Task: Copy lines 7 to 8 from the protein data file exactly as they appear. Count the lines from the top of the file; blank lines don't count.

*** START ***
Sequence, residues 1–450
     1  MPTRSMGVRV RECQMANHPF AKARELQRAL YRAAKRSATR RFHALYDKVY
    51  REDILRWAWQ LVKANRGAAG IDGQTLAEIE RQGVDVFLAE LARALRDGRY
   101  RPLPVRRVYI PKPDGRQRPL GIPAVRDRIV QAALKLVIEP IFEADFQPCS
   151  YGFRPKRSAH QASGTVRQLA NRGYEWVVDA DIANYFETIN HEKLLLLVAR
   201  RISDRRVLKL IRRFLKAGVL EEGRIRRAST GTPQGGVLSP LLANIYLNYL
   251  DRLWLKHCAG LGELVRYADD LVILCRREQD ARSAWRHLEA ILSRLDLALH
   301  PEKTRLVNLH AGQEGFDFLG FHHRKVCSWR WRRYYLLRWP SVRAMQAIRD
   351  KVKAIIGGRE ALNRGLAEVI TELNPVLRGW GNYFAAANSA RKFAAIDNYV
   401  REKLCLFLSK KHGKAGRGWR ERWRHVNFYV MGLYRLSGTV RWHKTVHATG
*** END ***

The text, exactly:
   251  DRLWLKHCAG LGELVRYADD LVILCRREQD ARSAWRHLEA ILSRLDLALH
   301  PEKTRLVNLH AGQEGFDFLG FHHRKVCSWR WRRYYLLRWP SVRAMQAIRD